“A healthy child, free of disease, is a better learner.”
AND DRIVE HOME A CAR TODAY!
Waiting for her cue?
Watertown Daily Times 08/09/2013
Maggie Markus takes off her shoes in her assigned chair after she and fellow cast members starred in “The Merry Adventures of Robin Hood ... and Friends,” presented by the Johnson Creek Public Library Readers’ Theatre. SAMANTHA CHRISTIAN/ Daily Times
Cities talk about trash — (Continued from page 1) Schultz said Watertown would be able to keep the revenue it would receive for selling the recycling materials. If the plan goes through, Schultz estimated the city would have to hire one addi-
tional employee and purchase another sanitation truck. The city of Waterloo would also have to purchase the same waste and recycling bins Watertown residents have been using for the past few years. Schultz said the state has
Markets Dow Jones
The Dow Jones Industrials were down 44.58 at 9:30 a.m. today at 15,543.74. The Transportation Index was 6,496.15, down 25.14 and the Utility Index was 504.37, down 1.30. The market closed Thursday at 15,498.32. London spot gold was $1,311 up 1.10.
30 Dow Jones Industrials
Alcoa 8.00 American Express 75.89 Boeing Co. 105.36 Bank of America 14.51 Caterpillar 83.81 Cisco Systems 26.17 Chevron 122.01 DuPont 59.73 Disney 65.35 General Electric 24.33 Home Depot 78.85 Hewlett-Packard 27.04 IBM 188.89 Intel Corp. 22.44 Johnson & Johnson 92.74 J.P. Morgan 54.87 Coca Cola 40.21 McDonald’s 97.71 3M Co. 118.60 Merck 48.65 Microsoft Corp. 32.69 Pﬁzer Inc. 29.17 Procter & Gamble 81.54 AT&T Inc. 34.98 Travelers 81.98 Utd. Technologies 105.86 UnitedHealth 73.13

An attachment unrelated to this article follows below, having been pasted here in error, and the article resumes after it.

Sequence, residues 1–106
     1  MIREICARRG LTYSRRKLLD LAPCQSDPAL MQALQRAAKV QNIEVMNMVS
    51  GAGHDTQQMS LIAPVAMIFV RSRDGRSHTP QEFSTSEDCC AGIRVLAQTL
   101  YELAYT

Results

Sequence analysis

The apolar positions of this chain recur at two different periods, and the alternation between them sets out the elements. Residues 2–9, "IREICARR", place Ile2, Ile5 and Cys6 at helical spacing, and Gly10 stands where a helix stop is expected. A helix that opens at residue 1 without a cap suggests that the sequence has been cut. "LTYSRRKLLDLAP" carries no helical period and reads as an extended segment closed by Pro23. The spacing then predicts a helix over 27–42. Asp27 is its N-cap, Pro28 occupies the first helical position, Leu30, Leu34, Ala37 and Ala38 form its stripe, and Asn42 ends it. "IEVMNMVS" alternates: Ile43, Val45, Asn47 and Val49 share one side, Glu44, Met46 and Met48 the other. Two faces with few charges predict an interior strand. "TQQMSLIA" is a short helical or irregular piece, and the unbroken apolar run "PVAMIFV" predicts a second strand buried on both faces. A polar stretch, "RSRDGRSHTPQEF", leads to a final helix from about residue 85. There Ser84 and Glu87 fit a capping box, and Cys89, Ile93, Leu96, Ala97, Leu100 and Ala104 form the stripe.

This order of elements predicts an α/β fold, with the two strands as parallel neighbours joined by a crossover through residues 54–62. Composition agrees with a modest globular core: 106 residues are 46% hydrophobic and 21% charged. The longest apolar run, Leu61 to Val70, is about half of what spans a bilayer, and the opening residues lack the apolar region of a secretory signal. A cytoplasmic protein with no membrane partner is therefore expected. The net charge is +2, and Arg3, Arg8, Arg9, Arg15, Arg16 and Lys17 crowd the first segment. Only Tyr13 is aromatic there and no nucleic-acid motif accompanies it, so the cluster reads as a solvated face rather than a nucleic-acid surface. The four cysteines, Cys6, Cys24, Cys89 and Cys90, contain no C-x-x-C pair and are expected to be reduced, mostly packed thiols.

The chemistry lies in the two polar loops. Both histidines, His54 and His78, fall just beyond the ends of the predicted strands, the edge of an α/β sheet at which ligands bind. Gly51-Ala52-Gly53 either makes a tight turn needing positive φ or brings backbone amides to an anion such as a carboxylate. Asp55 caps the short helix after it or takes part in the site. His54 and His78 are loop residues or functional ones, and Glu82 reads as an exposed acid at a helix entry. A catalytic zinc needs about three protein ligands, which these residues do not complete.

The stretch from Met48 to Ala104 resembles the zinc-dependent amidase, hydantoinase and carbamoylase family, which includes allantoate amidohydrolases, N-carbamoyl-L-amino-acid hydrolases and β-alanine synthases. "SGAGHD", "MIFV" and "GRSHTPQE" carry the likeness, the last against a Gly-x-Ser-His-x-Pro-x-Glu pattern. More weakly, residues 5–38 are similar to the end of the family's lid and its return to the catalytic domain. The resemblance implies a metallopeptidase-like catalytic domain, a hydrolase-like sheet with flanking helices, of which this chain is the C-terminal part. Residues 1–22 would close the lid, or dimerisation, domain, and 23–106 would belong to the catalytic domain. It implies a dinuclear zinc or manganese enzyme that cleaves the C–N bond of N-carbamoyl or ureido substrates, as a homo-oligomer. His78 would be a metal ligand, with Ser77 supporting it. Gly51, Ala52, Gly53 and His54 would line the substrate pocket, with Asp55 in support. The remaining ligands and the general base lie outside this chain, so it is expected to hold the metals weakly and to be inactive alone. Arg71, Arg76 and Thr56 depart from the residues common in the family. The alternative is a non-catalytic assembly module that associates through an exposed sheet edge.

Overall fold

+0.09 –0.30 –0.48 –0.10 –0.15 –0.09 –1.06 –0.03 –0.40 ––– –1.19 +0.17 +0.96 –0.01 –0.60 +0.04 +0.01 –033 –0.08 +0.18 –0.19 +0.05 –0.63 –0.31 –0.05 –0.40 –0.05
Kohl’s Seneca SPX Corp. Tel. Data Systems Target Wis. Energy Corp.
50.77 33.06 77.52 29.10 70.90 43.40
–0.25 –0.18 +0.80 +0.06 –0.32 –0.11
REESEVILLE — Thursday’s Milwaukee Stockyards report: Cows: Premium no-roll cowswhite cows 80-90; high-yielding cutters and utility 68-78; cutters 60-67; canners and shells up to 55. Holstein steers: high choice and prime Holstein steers 1,5001,700 pounds 110-114; choice Holstein steers 100-109; select steers up to 95; unﬁnished Holstein steers up to 85. Beef cattle: prime Angus beef 1,200-1,500 pounds up to 117; choice steers and heifers 108-112; select beef steers and heifers up to 105. Bulls: premium beef bulls 1,600-2,050 pounds up to 98; common to good bulls 80-90. Replacement calves: premium bulls 90-120 pounds 100-125; common to good bulls 80-120 pounds 50-100. Premium heifers: up to 125; common to good heifers 50-100; boning calves up to 50. Today’s estimated receipts: 50 cattle and 550 calves.
been pushing for these kinds of partnerships between municipalities. “They are trying to get rid of the duplication of services. It beneﬁts both municipalities in the long run ... we buy so many trucks and Waterloo buys so many. This helps keep costs manageable,” Schultz said. “I think it’s a good partnership between two municipalities ... everyone walks away happy and it puts some money back in everyone’s pocket, which is good in a tight economy.” Schultz said he would like to have the plans in place before the end of the year and have Watertown start picking up the waste on Jan. 1, 2014. However, he said it is possible the negotiations may take longer to complete, which would push the start date to later in 2014.